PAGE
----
Thursday, August 28, 2008

Nth permutation without swapping; without recursion

Colleagues say I have good pattern recognition skills. It's perhaps this skill that gave me a unique solution to one of our assignment problems when I was doing my rigorous PGDST course at C-DAC.

You'd get many programs for finding the N'th lexicographic (alphabetical order) permutation of a string. They're done with recursion and swapping.
I present you a completely unique algorithm which I've devised myself. It makes use of no recursion or swapping. Besides, the algorithm is WAY shorter than the others.

Consider you have a string with 'e' elements. You're asked to find the N'th lexicographic permutation.
The sequence for three elements would be:
abc, acb, bac, bca, cab, cba

But my algorithm won't even have to generate this list. It directly reaches the Nth permutation. How? Read on...



The Algorithm:
 
1. e=number of elements in string. [Store them in an array as 'abc', where a is in the zero'th position of the array]
2. n=n'th permutation of the string.
3. division=(e!)/e [This divides the list into equal sections](where e! is 'e factorial'. If e=3, e!=3*2*1)
4. Calculate pos=ceil(n/division) to find where the n'th string would be in the list.
5. Find the pos-1 element in the array.
6. Concatenate the element found from step 5, in the final output string.
7. e=e-1 [decrease the number of elements]
8. Remove the pos-1 element from the array and reinitialize the array with only the leftover characters.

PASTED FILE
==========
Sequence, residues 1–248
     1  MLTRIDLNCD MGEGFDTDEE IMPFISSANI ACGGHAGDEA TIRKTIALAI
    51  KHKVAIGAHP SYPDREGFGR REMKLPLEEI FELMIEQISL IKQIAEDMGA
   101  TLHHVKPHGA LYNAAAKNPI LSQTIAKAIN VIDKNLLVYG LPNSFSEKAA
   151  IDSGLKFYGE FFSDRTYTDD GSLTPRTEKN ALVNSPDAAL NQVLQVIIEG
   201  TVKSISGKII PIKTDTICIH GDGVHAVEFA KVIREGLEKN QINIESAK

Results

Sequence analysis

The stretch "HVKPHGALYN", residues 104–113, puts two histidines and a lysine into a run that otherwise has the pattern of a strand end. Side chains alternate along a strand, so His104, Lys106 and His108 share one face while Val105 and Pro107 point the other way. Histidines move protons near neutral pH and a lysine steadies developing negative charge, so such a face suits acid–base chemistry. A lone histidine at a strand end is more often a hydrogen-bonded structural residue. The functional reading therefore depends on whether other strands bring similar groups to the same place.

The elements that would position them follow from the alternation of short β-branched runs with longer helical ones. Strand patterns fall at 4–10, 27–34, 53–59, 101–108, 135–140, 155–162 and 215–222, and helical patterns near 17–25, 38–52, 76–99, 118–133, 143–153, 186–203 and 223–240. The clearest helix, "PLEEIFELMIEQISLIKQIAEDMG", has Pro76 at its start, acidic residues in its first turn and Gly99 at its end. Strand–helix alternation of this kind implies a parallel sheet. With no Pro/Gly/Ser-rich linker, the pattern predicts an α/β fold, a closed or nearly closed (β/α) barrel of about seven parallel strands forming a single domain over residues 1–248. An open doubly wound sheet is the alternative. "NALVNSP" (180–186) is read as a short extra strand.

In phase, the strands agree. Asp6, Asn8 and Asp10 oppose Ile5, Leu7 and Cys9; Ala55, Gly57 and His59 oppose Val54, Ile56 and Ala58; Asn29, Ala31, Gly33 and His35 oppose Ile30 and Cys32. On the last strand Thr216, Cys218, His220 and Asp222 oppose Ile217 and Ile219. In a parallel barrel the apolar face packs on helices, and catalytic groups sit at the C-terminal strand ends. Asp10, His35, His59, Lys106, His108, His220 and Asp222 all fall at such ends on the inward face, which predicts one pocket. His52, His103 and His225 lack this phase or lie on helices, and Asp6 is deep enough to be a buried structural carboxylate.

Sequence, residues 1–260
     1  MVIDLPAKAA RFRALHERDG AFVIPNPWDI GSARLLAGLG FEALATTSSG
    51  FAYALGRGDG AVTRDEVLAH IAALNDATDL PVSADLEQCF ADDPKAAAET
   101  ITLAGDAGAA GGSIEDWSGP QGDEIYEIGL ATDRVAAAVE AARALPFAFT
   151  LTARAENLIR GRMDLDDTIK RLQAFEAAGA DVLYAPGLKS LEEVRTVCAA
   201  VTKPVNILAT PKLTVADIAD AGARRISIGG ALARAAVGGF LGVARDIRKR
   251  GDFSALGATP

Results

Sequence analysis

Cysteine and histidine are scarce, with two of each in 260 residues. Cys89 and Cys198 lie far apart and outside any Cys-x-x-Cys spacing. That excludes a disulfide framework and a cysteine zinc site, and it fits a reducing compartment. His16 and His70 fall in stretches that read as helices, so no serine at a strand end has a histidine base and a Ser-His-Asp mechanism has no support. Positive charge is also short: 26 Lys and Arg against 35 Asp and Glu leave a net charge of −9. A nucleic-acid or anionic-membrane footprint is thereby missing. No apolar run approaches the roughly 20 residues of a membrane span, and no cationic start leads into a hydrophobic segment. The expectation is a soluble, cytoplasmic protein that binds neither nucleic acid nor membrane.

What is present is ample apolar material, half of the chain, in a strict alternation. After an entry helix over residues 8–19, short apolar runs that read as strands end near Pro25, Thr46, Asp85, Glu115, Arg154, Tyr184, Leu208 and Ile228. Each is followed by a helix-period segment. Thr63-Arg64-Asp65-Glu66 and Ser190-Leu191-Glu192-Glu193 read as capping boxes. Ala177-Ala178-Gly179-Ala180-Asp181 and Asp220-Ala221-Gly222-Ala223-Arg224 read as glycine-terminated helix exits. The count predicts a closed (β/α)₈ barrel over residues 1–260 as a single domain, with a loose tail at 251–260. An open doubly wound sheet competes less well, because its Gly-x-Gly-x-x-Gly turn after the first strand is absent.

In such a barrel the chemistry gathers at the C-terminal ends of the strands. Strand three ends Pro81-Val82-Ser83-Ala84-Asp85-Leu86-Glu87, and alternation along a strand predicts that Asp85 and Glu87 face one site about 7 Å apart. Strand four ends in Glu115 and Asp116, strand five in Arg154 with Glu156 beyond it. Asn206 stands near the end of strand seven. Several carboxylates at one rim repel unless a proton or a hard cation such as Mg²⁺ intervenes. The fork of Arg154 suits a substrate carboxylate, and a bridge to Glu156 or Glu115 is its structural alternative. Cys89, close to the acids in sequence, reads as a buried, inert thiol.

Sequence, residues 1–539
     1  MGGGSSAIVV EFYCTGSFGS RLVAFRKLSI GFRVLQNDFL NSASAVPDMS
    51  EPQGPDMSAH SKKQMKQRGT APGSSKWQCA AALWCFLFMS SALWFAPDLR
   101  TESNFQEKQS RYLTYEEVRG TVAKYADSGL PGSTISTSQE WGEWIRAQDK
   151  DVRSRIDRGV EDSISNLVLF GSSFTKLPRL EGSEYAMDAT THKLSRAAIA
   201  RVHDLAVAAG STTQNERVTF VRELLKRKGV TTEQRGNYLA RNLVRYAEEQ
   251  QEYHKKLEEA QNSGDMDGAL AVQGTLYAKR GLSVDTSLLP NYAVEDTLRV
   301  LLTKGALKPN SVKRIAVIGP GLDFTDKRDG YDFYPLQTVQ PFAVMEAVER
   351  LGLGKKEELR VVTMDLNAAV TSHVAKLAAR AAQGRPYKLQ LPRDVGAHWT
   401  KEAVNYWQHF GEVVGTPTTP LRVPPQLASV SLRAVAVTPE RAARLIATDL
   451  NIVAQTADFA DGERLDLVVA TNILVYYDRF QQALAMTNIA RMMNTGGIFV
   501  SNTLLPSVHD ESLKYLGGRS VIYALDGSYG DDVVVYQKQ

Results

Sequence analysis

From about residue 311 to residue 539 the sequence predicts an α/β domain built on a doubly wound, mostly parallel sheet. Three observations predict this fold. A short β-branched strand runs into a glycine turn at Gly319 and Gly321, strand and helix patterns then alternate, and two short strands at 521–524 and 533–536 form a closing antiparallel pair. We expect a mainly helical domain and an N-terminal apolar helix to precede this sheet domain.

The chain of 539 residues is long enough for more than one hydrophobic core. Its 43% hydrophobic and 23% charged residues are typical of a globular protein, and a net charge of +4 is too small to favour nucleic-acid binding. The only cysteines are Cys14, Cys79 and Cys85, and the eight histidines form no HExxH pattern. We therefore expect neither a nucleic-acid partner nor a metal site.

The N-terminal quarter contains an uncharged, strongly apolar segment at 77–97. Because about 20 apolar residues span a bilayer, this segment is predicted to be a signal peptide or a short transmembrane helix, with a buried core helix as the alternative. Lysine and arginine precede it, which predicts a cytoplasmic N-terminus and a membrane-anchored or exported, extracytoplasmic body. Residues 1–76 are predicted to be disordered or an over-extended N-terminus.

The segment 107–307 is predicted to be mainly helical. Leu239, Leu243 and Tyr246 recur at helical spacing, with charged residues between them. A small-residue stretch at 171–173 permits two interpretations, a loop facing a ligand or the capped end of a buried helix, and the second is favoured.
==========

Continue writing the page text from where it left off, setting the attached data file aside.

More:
9. oldDivision=division [store temporarily]
10. n=n-(oldDivision*(pos-1))
11. Goto step 3 if you haven't iterated 'length of the original string' times.
12. Print the output string.



The code:

package nthpermutation;

public class NthPermutation {

 public static void main(String[] args) {

     int NthPermutationToConsider = 1;//change this number to the value of N you want

     String sampleString = "abcd";
     int numberOfLettersForPermutation = sampleString.length();

     String[] oneLetter = new String[numberOfLettersForPermutation];
     String outputString = "";//string to be outputString
     for (int i = 0; i < numberOfLettersForPermutation; i++) {
         oneLetter[i] = sampleString.substring(i, i + 1);
     }

     int elements;
     double pos;
     float oldDivision;
     float division;
     elements = numberOfLettersForPermutation;
     oldDivision = 0;

     for (int i = 0; i < numberOfLettersForPermutation; i++) {
         division = fac(elements) / elements;
         float temp = NthPermutationToConsider / division;
         pos = Math.ceil(temp);
         outputString = outputString + oneLetter[(int) pos - 1];
         oneLetter[(int) pos - 1] = "999";
         elements--;
         String[] t = new String[elements];
         int counter = 0;
         for (int j = 0; j < oneLetter.length; j++) {
             if (!oneLetter[j].equals("999")) {
             t[counter++] = oneLetter[j];
         }
     }
     oneLetter = t;
     oldDivision = division;
     NthPermutationToConsider = NthPermutationToConsider - ((int) oldDivision * ((int) pos - 1));
 }
     System.out.println(outputString);
 }//main

 private static int fac(int n) {
     int j = 1;
     for (int i = 1; i <= n; i++) {
         j = j * i;
     }
     return j;
 }

}//class

2 comments:

Anonymous said...

Will this work for repeated letters?

Navin Ipe said...

Dear Anonymous, before I answer your question, perhaps I could mention that I would have loved it if you tried it yourself first and then let me know. Please do. Also, do mention any other conditions you are trying it under.